In the recent years, investing in sustainable companies has been associated with "doing good" investors. ESG is no more just that or about “investing plus sustainability”. It is now the way of responsible investing. It’s no more a “nice to have” special project in a firm; it is a “must make it part of the organisational DNA” culture & board imperative. “ESG”ness of a firm would neither happen overnight nor can be bought by simply copying S.O.Ps from an advisor. ESG will be a continual process in any organisation. 

The COVID-19 pandemic has showcased the importance of social commitment, environmental championing and governance values of companies. Many a companies have taken up the cause of social impact, as spontaneous response to the suffering all around. They showcase the companies’ true values and commitment to a mission.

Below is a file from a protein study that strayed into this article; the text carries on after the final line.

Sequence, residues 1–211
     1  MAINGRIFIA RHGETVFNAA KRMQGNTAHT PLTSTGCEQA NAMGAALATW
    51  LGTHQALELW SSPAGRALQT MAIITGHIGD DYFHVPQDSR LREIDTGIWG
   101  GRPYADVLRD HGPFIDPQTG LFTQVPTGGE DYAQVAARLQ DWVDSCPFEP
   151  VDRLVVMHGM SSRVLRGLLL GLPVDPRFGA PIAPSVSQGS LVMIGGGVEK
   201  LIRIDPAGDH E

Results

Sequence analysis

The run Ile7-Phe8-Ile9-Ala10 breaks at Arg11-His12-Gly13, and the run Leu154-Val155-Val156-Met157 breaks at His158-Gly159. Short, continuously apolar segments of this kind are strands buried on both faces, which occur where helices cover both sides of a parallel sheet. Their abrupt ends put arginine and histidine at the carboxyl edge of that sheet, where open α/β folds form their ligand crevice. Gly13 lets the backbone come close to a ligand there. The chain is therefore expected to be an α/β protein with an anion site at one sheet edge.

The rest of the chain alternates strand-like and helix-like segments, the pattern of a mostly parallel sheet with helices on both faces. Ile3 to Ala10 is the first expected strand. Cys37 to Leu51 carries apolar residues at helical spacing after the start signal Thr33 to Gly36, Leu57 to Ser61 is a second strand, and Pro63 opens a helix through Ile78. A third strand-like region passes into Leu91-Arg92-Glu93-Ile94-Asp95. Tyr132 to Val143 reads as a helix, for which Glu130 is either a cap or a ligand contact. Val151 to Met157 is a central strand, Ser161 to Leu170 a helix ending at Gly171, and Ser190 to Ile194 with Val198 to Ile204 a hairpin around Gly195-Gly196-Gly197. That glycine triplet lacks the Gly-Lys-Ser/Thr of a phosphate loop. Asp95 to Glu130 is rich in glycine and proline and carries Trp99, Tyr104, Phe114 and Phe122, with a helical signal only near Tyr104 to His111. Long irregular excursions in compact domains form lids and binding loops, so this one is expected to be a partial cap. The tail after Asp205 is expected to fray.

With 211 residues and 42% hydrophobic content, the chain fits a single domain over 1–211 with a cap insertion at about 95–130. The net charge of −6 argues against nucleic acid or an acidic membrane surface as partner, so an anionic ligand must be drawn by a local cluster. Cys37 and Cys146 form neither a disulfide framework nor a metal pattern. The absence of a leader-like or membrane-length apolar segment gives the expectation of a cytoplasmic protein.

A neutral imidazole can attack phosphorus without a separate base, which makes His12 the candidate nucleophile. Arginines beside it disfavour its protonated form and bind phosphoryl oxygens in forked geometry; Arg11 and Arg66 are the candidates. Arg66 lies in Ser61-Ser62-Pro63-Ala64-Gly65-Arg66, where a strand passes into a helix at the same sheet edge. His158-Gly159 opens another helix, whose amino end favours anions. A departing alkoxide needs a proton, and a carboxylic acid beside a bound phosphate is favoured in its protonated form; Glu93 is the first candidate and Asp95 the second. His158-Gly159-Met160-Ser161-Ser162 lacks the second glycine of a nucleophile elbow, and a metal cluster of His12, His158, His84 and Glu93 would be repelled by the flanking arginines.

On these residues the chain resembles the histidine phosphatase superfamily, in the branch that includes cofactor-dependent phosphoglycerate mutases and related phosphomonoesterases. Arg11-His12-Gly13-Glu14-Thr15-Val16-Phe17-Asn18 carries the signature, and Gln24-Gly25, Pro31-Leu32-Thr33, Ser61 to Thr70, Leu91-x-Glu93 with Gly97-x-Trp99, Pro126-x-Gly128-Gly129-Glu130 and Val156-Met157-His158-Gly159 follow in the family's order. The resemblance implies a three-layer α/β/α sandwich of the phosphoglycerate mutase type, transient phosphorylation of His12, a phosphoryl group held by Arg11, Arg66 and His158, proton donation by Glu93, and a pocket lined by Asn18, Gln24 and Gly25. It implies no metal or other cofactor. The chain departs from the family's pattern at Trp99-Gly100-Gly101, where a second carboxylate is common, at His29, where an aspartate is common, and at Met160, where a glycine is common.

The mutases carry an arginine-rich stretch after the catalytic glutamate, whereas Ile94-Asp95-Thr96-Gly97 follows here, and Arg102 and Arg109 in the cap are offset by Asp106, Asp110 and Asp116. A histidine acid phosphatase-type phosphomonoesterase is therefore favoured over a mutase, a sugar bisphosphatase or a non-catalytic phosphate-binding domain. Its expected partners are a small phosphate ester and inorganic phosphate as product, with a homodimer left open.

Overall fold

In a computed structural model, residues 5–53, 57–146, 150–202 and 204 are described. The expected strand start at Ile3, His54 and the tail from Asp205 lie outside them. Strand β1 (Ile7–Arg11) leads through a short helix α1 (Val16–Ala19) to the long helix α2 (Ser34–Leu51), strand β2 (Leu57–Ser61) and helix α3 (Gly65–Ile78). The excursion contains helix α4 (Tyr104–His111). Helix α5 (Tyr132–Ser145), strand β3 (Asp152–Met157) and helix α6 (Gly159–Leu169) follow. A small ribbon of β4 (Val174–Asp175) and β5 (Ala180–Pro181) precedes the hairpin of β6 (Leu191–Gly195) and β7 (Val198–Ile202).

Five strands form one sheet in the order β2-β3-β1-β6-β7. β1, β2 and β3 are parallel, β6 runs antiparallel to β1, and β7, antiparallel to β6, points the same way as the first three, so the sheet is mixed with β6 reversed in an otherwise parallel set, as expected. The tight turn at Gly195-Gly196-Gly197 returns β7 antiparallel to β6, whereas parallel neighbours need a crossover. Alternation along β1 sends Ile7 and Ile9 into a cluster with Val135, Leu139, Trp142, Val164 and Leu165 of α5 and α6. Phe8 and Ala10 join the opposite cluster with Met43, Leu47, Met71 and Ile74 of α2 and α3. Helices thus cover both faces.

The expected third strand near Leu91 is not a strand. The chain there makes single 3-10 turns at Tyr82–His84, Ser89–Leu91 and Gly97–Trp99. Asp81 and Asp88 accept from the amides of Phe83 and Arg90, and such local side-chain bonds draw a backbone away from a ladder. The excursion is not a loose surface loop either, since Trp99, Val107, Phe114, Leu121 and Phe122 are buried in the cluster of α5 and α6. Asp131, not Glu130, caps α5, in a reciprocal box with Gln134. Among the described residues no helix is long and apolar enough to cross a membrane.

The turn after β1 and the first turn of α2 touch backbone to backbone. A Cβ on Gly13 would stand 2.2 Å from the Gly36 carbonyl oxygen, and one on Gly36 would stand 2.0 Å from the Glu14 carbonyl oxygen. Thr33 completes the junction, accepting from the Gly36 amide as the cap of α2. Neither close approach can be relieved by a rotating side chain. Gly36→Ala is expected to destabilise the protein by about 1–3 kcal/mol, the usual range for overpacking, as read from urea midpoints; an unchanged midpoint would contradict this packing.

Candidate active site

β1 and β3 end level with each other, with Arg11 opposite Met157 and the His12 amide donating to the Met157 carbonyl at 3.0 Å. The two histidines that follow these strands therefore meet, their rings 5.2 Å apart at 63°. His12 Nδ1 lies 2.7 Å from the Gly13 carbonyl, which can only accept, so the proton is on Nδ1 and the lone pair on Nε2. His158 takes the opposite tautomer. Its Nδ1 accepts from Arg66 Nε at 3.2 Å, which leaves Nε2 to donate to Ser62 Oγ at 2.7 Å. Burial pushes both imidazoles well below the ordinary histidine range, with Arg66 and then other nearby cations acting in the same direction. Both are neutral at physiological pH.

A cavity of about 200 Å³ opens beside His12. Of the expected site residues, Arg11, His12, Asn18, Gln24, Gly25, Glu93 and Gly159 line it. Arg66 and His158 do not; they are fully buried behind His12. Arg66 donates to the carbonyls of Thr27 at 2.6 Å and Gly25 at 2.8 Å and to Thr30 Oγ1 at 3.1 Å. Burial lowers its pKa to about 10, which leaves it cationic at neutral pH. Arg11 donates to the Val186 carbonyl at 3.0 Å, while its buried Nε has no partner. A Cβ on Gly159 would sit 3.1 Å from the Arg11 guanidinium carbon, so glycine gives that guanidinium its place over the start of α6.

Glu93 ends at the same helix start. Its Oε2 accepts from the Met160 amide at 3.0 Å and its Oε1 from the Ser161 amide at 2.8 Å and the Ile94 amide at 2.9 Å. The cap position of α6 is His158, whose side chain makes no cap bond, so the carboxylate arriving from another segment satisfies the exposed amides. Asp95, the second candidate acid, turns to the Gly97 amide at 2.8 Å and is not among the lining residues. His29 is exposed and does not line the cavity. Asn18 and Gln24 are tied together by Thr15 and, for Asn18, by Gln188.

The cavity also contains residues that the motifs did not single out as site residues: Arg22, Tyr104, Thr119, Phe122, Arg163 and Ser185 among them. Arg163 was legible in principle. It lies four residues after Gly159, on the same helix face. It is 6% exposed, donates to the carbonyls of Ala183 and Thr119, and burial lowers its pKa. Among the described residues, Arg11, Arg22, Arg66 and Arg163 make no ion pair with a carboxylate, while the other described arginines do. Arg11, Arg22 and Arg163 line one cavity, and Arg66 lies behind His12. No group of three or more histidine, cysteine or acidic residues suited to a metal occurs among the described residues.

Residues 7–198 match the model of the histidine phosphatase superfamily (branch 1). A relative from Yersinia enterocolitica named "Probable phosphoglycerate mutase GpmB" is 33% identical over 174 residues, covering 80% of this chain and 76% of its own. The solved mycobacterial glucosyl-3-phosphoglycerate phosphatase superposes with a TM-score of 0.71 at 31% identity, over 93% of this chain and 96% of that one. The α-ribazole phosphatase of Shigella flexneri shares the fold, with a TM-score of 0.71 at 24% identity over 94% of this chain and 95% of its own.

Net-Zero

‘Net Zero Emissions’ is a term in usage since the Paris Agreement in 2015, where many governments agreed to their commitments to achieve net zero emissions by 2050. Net zero means achieving a balance between the greenhouse gases put into the atmosphere and those taken out.

A country just cannot deliver its net-zero promise, unless it transforms its entire industries’ way of operations as well as the economy. With regulations seeking those changes, businesses are increasingly coming forward with net-zero commitments.

It is natural for many businesses globally to “wait and watch”; and in today’s global economic situation, many of those business leaders could simply procrastinate and postpone taking large call for investments towards Net Zero challenge.